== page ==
C446 Traditions of Christian Literature II (3 cr.) AHLA, CSB P: 6 credit hours of literature or religious studies. Religious literature of the later Middle Ages, the Renaissance, and the baroque, and the transformation of its themes and forms in more recent writings. Close reading of individual texts as well as consideration of their cultural and theological contexts.
Literature and the Other Arts
C151 Introduction to Popular Culture (3 cr.) AHLA, CSA Explores the scope and methodologies for the serious study of entertainment for mass consumption, including popular theater and vaudeville, bestsellers, mass circulation magazines, popular music, phonograph records, and popular aspects of radio, film, and television. Provides the basic background to other popular culture courses in comparative literature.
C251 Lyrics and Popular Song (3 cr.) AHLA, CSB Survey of popular songs of Europe and the Americas, including modern ballads, cabaret songs, Spanish flamencos, Mexican rancheras, Argentine tangos, country western, and rock lyrics. Discussion of literary qualities of lyrics in context of musical setting and performance and independently as literature.
C252 Literary and Television Genres (3 cr.) AHLA Comparative study of popular literary and television genres, such as farce, domestic comedy, melodrama, biography, mystery, adventure, western, the picaresque. Theoretical, technical, and ideological contrasts between the literary and television media.
C255 Modern Literature and the Other Arts: An Introduction (3 cr.) AHLA, CSB Analyzes the materials of literature, painting, and music and the ways in which meaning is expressed through the organization of the materials. Investigates similarities and differences among the arts. Examples selected from the past 200 years. No previous knowledge of any art required. I Sem., II Sem.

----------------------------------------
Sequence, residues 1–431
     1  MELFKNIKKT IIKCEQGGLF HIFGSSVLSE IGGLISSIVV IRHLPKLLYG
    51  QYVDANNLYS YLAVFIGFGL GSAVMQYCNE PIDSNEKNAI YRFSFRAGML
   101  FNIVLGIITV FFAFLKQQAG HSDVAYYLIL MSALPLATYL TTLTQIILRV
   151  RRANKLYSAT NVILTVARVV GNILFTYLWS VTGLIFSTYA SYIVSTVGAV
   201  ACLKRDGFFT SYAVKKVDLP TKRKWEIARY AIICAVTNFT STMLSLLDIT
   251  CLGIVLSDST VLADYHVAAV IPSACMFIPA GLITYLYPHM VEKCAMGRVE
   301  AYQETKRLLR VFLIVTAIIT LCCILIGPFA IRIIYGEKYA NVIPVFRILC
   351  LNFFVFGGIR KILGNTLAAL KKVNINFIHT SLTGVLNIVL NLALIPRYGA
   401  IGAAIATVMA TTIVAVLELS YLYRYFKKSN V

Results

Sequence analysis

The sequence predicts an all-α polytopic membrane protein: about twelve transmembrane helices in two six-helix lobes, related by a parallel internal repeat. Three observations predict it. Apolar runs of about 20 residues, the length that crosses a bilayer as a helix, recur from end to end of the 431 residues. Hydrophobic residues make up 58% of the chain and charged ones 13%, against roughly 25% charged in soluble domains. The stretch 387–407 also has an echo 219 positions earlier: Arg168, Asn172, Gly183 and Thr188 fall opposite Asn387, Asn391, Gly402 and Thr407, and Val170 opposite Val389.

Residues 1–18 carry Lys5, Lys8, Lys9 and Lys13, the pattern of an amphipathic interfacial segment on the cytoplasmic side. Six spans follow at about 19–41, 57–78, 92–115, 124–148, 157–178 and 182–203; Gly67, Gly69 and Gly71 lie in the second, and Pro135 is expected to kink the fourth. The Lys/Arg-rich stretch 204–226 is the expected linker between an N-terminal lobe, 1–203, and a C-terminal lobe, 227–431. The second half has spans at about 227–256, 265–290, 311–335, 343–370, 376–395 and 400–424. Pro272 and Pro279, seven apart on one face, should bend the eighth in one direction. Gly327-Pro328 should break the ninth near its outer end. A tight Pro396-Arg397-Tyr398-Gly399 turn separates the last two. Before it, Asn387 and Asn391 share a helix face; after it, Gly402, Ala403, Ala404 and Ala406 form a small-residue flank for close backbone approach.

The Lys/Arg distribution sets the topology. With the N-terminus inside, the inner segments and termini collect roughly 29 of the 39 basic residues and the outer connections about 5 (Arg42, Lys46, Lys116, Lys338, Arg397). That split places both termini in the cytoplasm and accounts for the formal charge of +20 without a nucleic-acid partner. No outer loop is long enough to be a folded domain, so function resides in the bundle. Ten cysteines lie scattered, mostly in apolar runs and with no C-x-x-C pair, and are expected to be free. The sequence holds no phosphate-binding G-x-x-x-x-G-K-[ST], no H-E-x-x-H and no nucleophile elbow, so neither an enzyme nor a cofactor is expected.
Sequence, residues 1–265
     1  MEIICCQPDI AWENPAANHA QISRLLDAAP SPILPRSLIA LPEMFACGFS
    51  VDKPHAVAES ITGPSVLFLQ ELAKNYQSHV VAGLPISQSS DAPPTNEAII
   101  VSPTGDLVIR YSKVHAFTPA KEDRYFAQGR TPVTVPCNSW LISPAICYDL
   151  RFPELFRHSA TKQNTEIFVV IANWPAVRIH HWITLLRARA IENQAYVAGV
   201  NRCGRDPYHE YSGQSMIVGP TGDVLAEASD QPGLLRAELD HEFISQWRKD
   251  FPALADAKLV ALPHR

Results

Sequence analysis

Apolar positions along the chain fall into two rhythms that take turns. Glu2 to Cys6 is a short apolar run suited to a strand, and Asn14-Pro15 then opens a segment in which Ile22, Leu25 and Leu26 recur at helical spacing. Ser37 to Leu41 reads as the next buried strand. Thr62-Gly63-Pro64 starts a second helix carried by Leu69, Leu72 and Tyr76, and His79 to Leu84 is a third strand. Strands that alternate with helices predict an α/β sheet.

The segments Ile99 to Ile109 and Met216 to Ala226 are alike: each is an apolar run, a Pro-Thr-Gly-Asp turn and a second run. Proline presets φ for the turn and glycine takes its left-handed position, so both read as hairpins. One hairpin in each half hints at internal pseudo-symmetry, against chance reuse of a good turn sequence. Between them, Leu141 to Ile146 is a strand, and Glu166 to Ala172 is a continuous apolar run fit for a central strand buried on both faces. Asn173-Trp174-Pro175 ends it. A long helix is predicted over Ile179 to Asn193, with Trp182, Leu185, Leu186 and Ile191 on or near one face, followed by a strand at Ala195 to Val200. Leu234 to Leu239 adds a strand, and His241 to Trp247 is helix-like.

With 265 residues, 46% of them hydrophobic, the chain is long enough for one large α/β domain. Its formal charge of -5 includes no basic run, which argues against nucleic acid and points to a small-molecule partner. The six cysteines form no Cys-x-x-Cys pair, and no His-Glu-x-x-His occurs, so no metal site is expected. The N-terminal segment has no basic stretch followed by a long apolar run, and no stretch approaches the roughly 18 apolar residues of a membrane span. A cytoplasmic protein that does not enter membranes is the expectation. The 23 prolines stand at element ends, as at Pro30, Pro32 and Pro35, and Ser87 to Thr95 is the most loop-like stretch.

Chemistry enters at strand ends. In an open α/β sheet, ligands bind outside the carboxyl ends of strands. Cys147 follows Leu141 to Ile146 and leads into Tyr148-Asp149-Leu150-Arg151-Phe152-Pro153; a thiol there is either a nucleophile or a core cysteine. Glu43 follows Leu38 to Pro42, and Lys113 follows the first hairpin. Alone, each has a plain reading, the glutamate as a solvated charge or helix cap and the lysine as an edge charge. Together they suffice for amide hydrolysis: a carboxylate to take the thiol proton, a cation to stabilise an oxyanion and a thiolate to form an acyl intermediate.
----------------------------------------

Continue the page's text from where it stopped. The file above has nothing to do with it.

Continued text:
C256 Literature and the Other Arts: 1870-1950 (3 cr.) AHLA, CSB P: C255 or consent of instructor. Interaction of the arts in the development of Western literature, painting, and music in movements such as impressionism, symbolism, constructivism, expressionism, dada, and surrealism.
C257 Asian Literature and the Other Arts (3 cr.) AHLA, CSA Selected literary texts of China, India, or Japan studied in the context of the art forms and cultures of these countries. Concentration on one culture each time course is offered. May be repeated once with different topic.
C261 Introduction to African Literature (3 cr.) AHLA, CSA Oral and written poetry, epic, fiction, drama and film from around the continent with reference to historical and cultural contexts, and debates on language choice, "authenticity," gender, and European representations of Africa.
C300 Modernity and Tradition in Yiddish Literature and Culture (3 cr.) AHLA CSA No knowledge of Yiddish required. Study of selected authors and topics in Yiddish literature and culture. Taught in English. Credit given for only one of C300 and GER Y300.
C350 Yiddish Culture in America (3 cr.) AHLA, CSA Interdisciplinary approach to Jewish culture in the United States from the 1890s to 1990s. Major figures, institutions, and trends in American Yiddish literature and popular culture; representations of the New World and the Old World, and the place held by Yiddish literature and culture in the post-Holocaust era. Credit given for only one of C350 and GER Y350.
C355 Literature, the Arts, and their Interrelationship (3 cr.) AHLA P: C255 or consent of instructor. Discussion of theoretical foundations for study of the relationship of the arts; detailed analysis of specific works illustrating interaction of literature with other arts.
C356 Concrete Poetry (3 cr.) AHLA Emphasizes the international character of the concrete poetry movement and its relationship to the literary tradition and to contemporary movements in the other arts.
C357 The Arts Today: From 1950 to the Present (3 cr.) AHLA, CSB P: C255. R: C256. Shared trends in literature, the visual arts, music, dance, and theatre. The heritage of the grotesque and the absurd, dada and surrealism, and constructivism; the new realism. New materials; mixed media and multimedia; environmental and participatory art; happenings; minimal art, conceptual art, antiart.
C358 Literature and Music: Opera (3 cr.) AHLA, CSB P: two courses in literature, theatre, or music history. Selected opera libretti from various periods. Comparison of libretti with their literary sources; emphasis on specific problems connected with the adaptation of a literary work to the operatic medium. Evaluation of representative libretti as independent literary works.